I arrived in Paris on a Monday night, the week before my Saturday, May 20 performance. I purposely took Tuesday off, spending the day at a spa and catching up on sleep. By Wednesday, however, it was back to the grindstone of rehearing, rehearsing, rehearsing.
On Thursday, the producers of Tedx hired an acting coach for all 11 speakers in order to help us bond through the practice of heart opening exercises. We rehearsed the beginning and end of our speeches in front of each, which genuinely put us at ease.
It was at this time that I was very grateful to have taken 2 voice over classes and acting lessons, which prepared me to present my speech in the best possible light; heartfelt and with a dash of conviction.
On the day before everything unfolded, we had technical rehearsal at the theater and practiced on stage with microphones and visual aids.
The Madeleine Theater was exquisite. We filled it to the brim on Saturday, easily reaching its 800 person capacity. Sitting in my cheering section were my husband and champion, Brian Murphy, my Event Manager Luke Yates, and my Coach, Ginny Slocum, plus a few writers from my workshops and retreats.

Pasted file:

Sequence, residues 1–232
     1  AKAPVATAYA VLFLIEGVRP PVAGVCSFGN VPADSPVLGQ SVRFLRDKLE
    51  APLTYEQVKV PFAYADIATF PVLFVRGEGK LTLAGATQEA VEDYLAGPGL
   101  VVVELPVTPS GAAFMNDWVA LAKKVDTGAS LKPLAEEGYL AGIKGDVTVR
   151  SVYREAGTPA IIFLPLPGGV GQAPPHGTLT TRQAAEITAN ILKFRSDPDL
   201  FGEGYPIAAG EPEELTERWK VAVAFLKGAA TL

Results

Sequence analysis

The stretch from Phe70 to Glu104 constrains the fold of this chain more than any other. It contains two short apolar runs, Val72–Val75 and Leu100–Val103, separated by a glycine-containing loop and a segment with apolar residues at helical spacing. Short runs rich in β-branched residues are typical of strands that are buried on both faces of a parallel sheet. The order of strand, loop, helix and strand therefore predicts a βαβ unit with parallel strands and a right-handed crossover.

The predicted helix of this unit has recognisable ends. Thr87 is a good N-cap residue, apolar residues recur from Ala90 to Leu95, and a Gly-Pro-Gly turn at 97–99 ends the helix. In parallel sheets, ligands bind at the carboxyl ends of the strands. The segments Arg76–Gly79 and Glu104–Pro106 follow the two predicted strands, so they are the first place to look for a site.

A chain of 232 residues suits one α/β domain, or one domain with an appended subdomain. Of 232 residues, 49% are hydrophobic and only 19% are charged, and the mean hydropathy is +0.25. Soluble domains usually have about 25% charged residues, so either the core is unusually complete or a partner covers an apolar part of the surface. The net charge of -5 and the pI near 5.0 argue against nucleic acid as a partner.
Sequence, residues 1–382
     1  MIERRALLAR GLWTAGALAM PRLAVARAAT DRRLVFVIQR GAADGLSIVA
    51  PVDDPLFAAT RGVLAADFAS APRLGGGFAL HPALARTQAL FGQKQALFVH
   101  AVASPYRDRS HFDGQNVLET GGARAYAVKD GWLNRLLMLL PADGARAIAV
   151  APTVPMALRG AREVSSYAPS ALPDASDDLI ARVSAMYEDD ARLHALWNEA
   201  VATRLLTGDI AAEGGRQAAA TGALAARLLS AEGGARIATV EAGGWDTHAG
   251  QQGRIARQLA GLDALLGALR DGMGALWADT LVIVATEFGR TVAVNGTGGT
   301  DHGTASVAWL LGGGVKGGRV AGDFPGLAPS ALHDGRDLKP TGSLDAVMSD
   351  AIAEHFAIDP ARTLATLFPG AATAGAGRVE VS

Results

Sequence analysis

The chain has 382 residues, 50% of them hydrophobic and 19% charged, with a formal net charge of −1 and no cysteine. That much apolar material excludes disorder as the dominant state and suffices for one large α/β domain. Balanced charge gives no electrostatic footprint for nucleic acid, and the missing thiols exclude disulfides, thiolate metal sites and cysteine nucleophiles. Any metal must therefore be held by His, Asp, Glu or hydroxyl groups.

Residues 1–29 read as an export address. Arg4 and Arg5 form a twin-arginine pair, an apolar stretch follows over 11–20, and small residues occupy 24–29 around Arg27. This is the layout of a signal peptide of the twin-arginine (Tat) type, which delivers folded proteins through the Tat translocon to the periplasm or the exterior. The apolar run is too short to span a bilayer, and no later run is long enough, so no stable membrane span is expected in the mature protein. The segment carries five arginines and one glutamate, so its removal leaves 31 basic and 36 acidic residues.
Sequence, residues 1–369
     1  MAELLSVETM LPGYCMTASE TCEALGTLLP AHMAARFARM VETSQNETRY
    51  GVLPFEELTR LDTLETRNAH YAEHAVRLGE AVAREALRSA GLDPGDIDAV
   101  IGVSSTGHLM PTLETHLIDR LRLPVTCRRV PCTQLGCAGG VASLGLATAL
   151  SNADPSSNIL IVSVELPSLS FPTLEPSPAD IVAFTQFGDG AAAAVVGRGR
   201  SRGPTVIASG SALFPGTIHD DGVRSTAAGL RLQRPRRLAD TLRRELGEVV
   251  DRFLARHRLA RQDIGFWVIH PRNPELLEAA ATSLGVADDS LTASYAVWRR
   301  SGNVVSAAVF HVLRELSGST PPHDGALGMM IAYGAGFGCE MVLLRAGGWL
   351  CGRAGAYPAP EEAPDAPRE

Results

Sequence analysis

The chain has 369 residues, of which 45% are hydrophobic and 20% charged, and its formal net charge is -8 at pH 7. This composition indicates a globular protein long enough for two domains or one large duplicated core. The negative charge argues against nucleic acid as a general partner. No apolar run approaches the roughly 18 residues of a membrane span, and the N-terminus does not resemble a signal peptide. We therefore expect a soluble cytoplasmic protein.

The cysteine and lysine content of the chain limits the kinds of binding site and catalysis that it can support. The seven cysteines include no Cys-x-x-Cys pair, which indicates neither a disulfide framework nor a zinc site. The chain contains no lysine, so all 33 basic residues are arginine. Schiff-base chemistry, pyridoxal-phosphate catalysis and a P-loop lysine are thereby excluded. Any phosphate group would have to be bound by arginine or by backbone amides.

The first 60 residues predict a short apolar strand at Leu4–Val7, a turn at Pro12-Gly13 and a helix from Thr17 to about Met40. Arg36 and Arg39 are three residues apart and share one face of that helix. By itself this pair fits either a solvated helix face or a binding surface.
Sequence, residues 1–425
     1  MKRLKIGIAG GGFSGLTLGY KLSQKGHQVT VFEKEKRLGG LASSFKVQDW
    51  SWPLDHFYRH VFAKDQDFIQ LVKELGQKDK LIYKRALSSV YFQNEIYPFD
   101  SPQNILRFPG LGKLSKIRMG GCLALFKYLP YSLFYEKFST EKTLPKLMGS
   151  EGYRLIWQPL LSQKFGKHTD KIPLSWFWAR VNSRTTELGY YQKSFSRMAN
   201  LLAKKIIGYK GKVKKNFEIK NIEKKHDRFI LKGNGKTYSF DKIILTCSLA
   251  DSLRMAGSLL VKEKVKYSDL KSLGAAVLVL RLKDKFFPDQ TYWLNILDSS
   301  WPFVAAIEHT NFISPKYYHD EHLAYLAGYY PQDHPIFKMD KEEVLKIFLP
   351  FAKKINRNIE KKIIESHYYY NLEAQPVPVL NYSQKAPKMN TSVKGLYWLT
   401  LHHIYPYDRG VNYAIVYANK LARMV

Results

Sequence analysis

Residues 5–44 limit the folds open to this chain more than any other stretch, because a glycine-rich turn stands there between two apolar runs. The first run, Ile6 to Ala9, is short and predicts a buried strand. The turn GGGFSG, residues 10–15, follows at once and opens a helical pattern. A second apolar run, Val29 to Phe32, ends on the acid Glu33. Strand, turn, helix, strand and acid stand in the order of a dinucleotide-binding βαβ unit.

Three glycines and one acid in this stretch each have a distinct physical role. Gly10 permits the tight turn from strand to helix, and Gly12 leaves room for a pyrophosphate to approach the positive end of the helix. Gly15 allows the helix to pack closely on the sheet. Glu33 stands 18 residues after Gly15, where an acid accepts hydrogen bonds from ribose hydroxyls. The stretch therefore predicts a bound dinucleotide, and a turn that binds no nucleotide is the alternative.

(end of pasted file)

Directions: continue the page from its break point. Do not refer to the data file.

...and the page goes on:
I took the stage on Saturday May 20, 2017 at 4pm and gave the speech of my life.
I can’t quite explain the feeling with words. I was looking forward to a sigh of relief, a breath that I could finally exhale now that it was over. However, my high was so high that it has taken weeks to come down.
Not surprisingly, I woke up both Sunday and Monday morning with my speech playing in my head, still rehearsing over, and over again.